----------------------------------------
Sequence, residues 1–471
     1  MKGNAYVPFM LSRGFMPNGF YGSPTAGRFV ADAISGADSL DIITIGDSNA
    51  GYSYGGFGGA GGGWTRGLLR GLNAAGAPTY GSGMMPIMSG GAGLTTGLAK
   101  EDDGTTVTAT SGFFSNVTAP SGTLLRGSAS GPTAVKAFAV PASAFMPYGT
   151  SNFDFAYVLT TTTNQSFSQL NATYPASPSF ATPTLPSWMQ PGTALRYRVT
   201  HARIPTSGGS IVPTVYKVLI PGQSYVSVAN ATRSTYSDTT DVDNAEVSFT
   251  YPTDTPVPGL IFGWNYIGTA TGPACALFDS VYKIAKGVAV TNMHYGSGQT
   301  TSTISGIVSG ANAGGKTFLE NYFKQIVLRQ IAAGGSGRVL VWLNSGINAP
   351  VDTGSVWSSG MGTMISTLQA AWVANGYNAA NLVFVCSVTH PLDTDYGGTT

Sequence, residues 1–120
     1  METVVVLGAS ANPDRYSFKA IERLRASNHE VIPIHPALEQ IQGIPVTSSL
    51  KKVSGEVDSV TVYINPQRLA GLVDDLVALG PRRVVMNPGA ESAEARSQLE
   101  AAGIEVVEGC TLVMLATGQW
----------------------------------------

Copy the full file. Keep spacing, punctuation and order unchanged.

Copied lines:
Sequence, residues 1–471
     1  MKGNAYVPFM LSRGFMPNGF YGSPTAGRFV ADAISGADSL DIITIGDSNA
    51  GYSYGGFGGA GGGWTRGLLR GLNAAGAPTY GSGMMPIMSG GAGLTTGLAK
   101  EDDGTTVTAT SGFFSNVTAP SGTLLRGSAS GPTAVKAFAV PASAFMPYGT
   151  SNFDFAYVLT TTTNQSFSQL NATYPASPSF ATPTLPSWMQ PGTALRYRVT
   201  HARIPTSGGS IVPTVYKVLI PGQSYVSVAN ATRSTYSDTT DVDNAEVSFT
   251  YPTDTPVPGL IFGWNYIGTA TGPACALFDS VYKIAKGVAV TNMHYGSGQT
   301  TSTISGIVSG ANAGGKTFLE NYFKQIVLRQ IAAGGSGRVL VWLNSGINAP
   351  VDTGSVWSSG MGTMISTLQA AWVANGYNAA NLVFVCSVTH PLDTDYGGTT

Sequence, residues 1–120
     1  METVVVLGAS ANPDRYSFKA IERLRASNHE VIPIHPALEQ IQGIPVTSSL
    51  KKVSGEVDSV TVYINPQRLA GLVDDLVALG PRRVVMNPGA ESAEARSQLE
   101  AAGIEVVEGC TLVMLATGQW